Hannah Obee, Chatsworth, said: “Working with The Harley never fails to disappoint and being part of the selection panel for The Harley Open was another inspiring day. With 80 percent of submissions coming from within a 50 mile radius, it proves once again the extraordinary talent to be found in the north. It also demonstrates the important focus provided for the region by The Harley and with Earth & Fire relocating there this summer, this only looks set to grow.”
Also running alongside the Harley Open is a solo show from the 2015 Judges’ Prize and People’s Prize Winner, Olivier Marc Thomas Leger. Whale Wails and Waves is set to be one of the biggest and best solo shows to date by the Loughborough based artist, whose playful work is made using fine liner pens with the animals imagined as living planets with their own landscapes and ecosystems.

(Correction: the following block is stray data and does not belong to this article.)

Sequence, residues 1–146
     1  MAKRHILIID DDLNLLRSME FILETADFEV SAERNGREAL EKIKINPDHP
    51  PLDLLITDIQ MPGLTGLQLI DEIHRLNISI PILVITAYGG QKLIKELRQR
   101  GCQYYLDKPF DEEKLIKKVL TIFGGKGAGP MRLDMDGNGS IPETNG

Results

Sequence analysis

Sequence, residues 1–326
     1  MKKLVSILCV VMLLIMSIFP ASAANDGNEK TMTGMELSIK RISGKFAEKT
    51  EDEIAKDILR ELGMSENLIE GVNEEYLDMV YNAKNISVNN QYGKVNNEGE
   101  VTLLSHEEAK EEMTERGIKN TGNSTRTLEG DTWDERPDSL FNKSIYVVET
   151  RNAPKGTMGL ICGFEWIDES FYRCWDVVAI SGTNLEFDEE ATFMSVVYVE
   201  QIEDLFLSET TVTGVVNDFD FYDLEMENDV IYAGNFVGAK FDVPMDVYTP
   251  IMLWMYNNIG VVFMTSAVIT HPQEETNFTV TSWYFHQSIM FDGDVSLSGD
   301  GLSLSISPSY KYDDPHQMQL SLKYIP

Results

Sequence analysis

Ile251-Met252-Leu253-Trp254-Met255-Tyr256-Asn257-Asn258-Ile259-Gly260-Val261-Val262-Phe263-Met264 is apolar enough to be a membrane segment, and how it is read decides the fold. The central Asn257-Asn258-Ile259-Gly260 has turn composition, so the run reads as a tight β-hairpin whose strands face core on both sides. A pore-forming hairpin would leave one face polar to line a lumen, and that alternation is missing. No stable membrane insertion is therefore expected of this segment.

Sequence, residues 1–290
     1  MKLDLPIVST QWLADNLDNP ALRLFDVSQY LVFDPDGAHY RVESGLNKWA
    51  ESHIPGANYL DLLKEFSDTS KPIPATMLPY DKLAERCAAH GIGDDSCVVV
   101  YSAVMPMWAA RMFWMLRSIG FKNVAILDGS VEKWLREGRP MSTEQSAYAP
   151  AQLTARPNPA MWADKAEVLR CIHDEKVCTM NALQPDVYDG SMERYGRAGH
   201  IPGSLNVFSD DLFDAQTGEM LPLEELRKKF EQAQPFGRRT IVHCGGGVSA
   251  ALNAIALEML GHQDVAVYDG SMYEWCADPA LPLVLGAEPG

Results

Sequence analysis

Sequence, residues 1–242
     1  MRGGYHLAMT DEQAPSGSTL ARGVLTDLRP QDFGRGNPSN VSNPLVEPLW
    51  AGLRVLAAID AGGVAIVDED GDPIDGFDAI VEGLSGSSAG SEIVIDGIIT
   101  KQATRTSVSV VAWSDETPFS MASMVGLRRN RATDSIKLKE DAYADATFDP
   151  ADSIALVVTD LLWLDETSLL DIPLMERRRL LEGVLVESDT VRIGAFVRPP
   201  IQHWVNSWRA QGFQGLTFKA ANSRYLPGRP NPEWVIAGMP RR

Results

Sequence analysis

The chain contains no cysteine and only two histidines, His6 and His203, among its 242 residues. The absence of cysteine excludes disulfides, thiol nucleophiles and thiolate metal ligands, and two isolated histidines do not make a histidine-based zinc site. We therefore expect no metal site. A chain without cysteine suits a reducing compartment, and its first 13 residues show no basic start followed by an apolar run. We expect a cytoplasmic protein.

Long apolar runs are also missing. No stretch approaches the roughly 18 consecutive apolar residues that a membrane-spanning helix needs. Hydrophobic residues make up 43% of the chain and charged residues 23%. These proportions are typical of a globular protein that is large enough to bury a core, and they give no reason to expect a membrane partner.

He said: “Winning the Harley Open helped me raise my profile with a wider audience. The Harley Gallery audience are well engaged, so it’s an amazing opportunity for me to have an exhibition here.”
For more information visit: www.harleygallery.co.uk.